The High Calling of a Farmer

October 10, 2011 | 19 comments

The girls and I trace crackling gravel roads to bring our favorite farmer a drink. We park by the barbed wire and climb the half-naked hill. Up on this bluff, I feel exposed, too.

A stripping away.

With less of myself, I see more of God.

The hillside fields out here by the river are my favorite. Yet they offer the lowest yield. The best of our crops are grown three miles away on flat, black Iowa ground cultivated by Lee men for more than a century. But these fields are the jubilant fields. High on a God-sculpted hill, I feel closer to the Creator.

We climb higher still, to the place where Scott combs rows in a cloud of soybean dust. I remember the words we used in his father’s obituary: “He felt closest to God on the seat of a John Deere…”

This is holy work, the work of the hands.

The Good Book says we’re all priests. And I believe it. We were baptized into sacred work. We are co-laborers with Christ. As God’s people, we all wear the white robe and the priestly collar under our farm coveralls, our nurses’ scrubs and our postal uniforms.

Once — before Christ — we weren’t even “a people.” But now we are a royal priesthood.

With Christ planted within us, we have been ordained. We join in a priestly, sacramental work: reconciling God and man. We all have a High Calling, even if it doesn’t look “religious.”

The farmer plants a seed, waits for rain. He scrutinizes skies and grain markets. He knows the mechanics of the combine, the innards of a bean pod. But the Chicago Board of Trade can’t chart the real influence of this work. A farmer co-labors with God to feed bodies — the temples that carry the Spirit.

I stand at the edge of an earthen altar, while shadows grow long on the bluff. Bean pods are ablaze, like candelabra. A priest-farmer lays bare this ground. This is his liturgy.

The Scofield commentary says that the chief privilege of a priest is access to God. I sing the doxology, because the natural response to a gift like that is gratitude.

I bend my knees to the ground and pick up one stray pod from the floor of the sanctuary. I press open the pod at the seam, revealing three creamy pearls.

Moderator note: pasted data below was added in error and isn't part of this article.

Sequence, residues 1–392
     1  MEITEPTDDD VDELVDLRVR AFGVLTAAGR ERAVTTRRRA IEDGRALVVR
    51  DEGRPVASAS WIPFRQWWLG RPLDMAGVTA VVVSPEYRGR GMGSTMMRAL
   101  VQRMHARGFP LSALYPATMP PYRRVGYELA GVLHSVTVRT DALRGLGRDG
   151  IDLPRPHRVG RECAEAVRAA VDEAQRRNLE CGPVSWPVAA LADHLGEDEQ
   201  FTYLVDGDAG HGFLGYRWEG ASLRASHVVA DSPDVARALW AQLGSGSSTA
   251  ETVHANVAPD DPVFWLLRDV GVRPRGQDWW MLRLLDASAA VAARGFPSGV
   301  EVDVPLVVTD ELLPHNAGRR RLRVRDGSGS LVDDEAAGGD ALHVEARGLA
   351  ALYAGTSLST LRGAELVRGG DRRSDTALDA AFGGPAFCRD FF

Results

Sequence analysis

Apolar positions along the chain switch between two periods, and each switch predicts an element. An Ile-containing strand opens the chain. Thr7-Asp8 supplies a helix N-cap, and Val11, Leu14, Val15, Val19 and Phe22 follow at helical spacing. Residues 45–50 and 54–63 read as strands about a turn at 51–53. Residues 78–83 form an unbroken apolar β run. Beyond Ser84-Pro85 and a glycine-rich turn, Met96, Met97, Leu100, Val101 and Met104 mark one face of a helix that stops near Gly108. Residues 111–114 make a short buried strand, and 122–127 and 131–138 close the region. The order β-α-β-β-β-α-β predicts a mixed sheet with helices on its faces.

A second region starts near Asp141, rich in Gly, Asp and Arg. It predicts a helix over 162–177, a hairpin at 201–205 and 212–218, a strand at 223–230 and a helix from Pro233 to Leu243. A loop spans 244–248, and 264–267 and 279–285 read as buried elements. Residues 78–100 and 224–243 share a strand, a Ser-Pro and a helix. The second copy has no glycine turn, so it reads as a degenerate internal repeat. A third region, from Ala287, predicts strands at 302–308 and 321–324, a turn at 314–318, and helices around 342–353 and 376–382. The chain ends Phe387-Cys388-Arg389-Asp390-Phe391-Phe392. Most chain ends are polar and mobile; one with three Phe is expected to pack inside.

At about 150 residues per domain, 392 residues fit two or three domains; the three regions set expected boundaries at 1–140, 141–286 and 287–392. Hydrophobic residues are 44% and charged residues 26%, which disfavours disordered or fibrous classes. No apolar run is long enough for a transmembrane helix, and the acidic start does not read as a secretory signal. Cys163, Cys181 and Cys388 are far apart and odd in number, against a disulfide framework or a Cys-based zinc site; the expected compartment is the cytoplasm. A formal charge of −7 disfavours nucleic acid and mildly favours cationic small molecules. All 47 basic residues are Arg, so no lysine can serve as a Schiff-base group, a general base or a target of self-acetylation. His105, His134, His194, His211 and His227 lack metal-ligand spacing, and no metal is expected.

One pod. Three tiny beans. Three in one.

When Jesus opens the eyes of the blind, even have doubted see evidence of His good and perfect work.

I partake of a sacramental moment, and drop thanks in the offering plate for this, the vantage point of a Creator who lets us do His work in the world.

” … whatever you do, do it all for the glory of God.”
— 1 Corinthians 10:31

This is a reworked post from the archives. Reflecting again this year on the High Calling of our daily work.

Friend, how do you describe the High Calling of your daily work?

Linking up with Michelle today…

by | October 10, 2011 | 19 comments


  1. Joan

    What a wonderful picture you painted in my mind. Thank you. Though I have lived for many years in the agricultural center of California, and now in the wine country further north, the work of a farmer is new to me. But you are right, the farmer is a co-laborer with the Lord to feed the people. What an honor to have that calling. Though my “calling” is not so obvious, I, like all of us, are co-laborers with God. What ever He places before me to do it is a blessing to be a part of it.

    Happy Monday, Jennifer!

    • dukeslee

      I have been challenged in the last few years to think about all work and all play and ALL of life, as being a part of our calling.

      Case in point: I was on the phone with a travel agent this afternoon, because our family is planning a family cruise. While on the phone, I began to think about what the calling of the travel agent. And I thought about the way that she daily connects people with destinations — helping families reconnect and find joy in spending time together. There’s nothing overtly “spiritual” about it, (in the sense that we traditionally name things as spiritual.) But her work, I believe, is inherently spiritual because our play and our rest are important parts of the human experience.

      What do you think? I’d love to hear …

      Thanks for stopping by!

  2. Dea

    Just spent a good bit of the morning writing about this very subject—journal prompts for my Bible Study classes this week on the royal priesthood.

    Love your insight. I don’t live far from the rich farmland of the Arkansas delta. I have so much respect for farmer priests. I think the rice harvest is in. 🙂 They don’t plant as many soybeans anymore. Maybe they rotate them in some years.

    I will send my classes the link to your post so they can take in your beautiful insight regarding our royal priesthood.

    • dukeslee


      Have you posted any of your thoughts about the royal priesthood on your blog or elsewhere? I’d enjoy reading about it. Drop a link here, if you think of it. 🙂

      Blessings to you …

  3. Diana Trautwein

    Ummm….lovely. This is one of the dilemmas of retirement, however. A sense of loss of calling. I’m praying my way through that – learning about spiritual direction and writing, but it feels fuzzier now than ever before. Thanks for this reminder, Jennifer.